By Jeremy Essig
By Jason Robinson
By Hans Morgenstern
By Joseph Hess
By Peter Gilstrap
By Julia Burch
By Jeremy Essig
By Nathan Smith
In some ways, the intensity of McCartney's approximately 30 years of critical disfavor is hard to fathom. Because he was a peer of such rock poets as Bob Dylan and Pete Townshend and a collaborator of John Lennon's, the solo (and Wings commander) McCartney was dogged by the fact that his lyrics weren't worthy of a so-called spokesman for a generation. But even at his peak, McCartney was never that kind of songwriter. He always had less in common with Dylan and Townshend than with pop tunesmiths such as Brian Wilson, Burt Bacharach and Jimmy Webb -- all expert melodists for whom lyrics were either someone else's job or decidedly less important than music.
For all the shallowness and sentimentality of McCartney's worst post-Beatles work, he also managed to release gems such as Band on the Run, Ram and Tug of War, as well as several singles that were among the radio highlights of their era. By comparison, Bacharach, Wilson and Webb have little to show for this period, yet they were spared the hailstorm of abuse directed at Macca (e.g., Ram, one of the best pop records of 1971, was branded "the nadir in the decomposition of '60s rock" in the pages of Rolling Stone).
As Elvis Costello asked in a late-'80s interview: "Compared to who is Paul McCartney not any good? Compared to the Inspiral Fuckin' Carpets?"
Stretching a thin argument past the breaking point, some critics adopted the revisionist notion that McCartney's later failures proved he was never all that good, that he was always a lightweight, carried by Lennon the whole time. By comparison, when Bacharach went through a quarter-century creative nosedive from 1971-96, did anyone suggest that his '60s hits weren't really that great? Of course not. The lameness of "That's What Friends Are For" didn't erase Bacharach's earlier achievements, any more than the wretchedness of Psychoderelict or The Iron Man negated Townshend's catalog of songs for the Who. So why was this argument applied to McCartney?
The reason McCartney is attacked with such knee-jerk vehemence has as much to do with his cutesy, thumbs-up public persona as with his actual work. Brian Wilson can put out a piece of crap (Imagination, anyone?) and retain his genius aura because rock-crits have a hard-on for the myth of the tortured madman, driven to the brink of insanity by his chemically enhanced muse (Syd Barrett, Roky Erickson, Daniel Johnston). McCartney isn't really any more whimsical than these artists, and he's certainly not any more erratic; he's just harder to like because he seems so calculating, so self-promoting, so pleased with himself -- so goddamn normal.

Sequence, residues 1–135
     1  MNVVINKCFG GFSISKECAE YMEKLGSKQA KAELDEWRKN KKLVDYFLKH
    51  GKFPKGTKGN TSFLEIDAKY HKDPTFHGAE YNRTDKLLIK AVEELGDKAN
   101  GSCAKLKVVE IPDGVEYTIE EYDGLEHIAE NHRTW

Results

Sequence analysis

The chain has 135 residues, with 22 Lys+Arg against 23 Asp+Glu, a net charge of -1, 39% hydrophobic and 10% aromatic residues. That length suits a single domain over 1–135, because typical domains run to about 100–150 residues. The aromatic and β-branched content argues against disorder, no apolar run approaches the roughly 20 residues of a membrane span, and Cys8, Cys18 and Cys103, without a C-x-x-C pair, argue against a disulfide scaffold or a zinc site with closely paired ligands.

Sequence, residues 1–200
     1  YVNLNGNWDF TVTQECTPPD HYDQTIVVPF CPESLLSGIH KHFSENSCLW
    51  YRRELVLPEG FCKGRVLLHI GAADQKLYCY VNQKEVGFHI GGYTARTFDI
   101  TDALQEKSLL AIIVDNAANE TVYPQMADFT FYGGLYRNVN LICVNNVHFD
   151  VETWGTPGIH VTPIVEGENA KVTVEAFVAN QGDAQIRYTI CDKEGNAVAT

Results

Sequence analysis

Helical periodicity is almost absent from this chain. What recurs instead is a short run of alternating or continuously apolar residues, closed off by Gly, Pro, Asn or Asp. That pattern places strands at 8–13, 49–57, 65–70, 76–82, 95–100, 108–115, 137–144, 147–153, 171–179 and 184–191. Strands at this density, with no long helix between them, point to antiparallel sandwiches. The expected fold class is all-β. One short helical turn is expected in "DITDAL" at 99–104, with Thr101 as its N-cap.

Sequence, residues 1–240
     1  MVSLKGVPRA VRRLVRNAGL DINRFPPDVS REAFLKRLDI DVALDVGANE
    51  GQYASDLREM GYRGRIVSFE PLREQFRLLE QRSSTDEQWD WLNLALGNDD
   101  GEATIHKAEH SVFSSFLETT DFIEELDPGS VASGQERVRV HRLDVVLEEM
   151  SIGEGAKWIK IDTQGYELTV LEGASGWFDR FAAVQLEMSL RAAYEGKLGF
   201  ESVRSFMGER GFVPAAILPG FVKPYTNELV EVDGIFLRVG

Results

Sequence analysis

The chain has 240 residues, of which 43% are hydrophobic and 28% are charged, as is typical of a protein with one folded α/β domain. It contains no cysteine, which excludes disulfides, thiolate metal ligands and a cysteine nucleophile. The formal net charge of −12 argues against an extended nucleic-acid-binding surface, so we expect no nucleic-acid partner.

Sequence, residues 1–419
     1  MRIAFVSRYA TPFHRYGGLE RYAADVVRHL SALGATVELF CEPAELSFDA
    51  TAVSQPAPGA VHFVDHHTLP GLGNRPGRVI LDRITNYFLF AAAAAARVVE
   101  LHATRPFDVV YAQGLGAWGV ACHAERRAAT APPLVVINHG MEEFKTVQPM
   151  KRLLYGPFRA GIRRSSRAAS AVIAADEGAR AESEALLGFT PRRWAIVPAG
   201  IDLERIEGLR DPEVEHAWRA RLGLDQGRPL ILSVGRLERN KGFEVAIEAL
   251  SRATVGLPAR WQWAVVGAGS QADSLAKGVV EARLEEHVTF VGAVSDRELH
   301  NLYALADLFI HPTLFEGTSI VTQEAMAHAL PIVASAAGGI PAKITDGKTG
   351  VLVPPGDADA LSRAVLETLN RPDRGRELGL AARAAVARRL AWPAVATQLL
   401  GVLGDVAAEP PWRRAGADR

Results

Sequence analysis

But if Macca's gotten an unfair rap over the years, that doesn't change the fact that something did go out of his work after Abbey Road. He stopped making demands on himself, no longer interested in the distinctions between a pleasant fragment and a complete song. It's easy to see that the mid- to late-'60s McCartney benefited from the stimulation of life as a bachelor in swinging London, and he subsequently settled into a static domestic existence that may have made him happy but gave him little to write about.
For that reason, Driving Rain invites some curiosity. Losing his wife of 29 years, finding a new love and engaging himself with the outside world to a degree he hasn't done since the '60s, McCartney has experienced more change in the last four years than in the previous 28 combined.
Except for "Magic," where he sits by Linda's deathbed and reminisces about their first meeting, Driving Rain doesn't explicitly deal with all these shakeups. He deals with them as he's always done, musically: in the walking bass line and soaring melody of "Lonely Road," in the XTC-shimmer of the chorus to "Tiny Bubble," in the grand, nervous balladry of "Your Loving Flame."
There are echoes of his past work here ("Lonely Road" recalls 1986's "Stranglehold," and the crooning "I Do" pinches chord changes from 1973's "Little Lamb Dragonfly"), but the overall feel is of a re-energized, newly focused Paulie. In simple, sometimes clichéd, language he hints at what he's gone through: "Take your own advice, let me love again"; "I wouldn't wish it on a soul, much less on you"; "This is the hour that they turn out the light." Relying on a solid four-piece band of LA session vets and for once shying away from coating his 59-year-old throat in layers of backing vocals, he creates a sense of naked intimacy that has rarely made it to his records. And even the low points, such as "Spinning on an Axis" (throwing his son a co-writer's bone) and "Riding Into Jaipur" (trying to out-Eastern George Harrison), indicate an attempt to cover new ground.
Rock critics who get off on ridiculing Macca's lyrics will find all the ammunition they need with the title song. Admittedly, "One two three four five/Let's go for a drive" won't make any poetry anthologies (unless it's one of Paulie's own), but try finding a poem with a hook as insinuating as this one.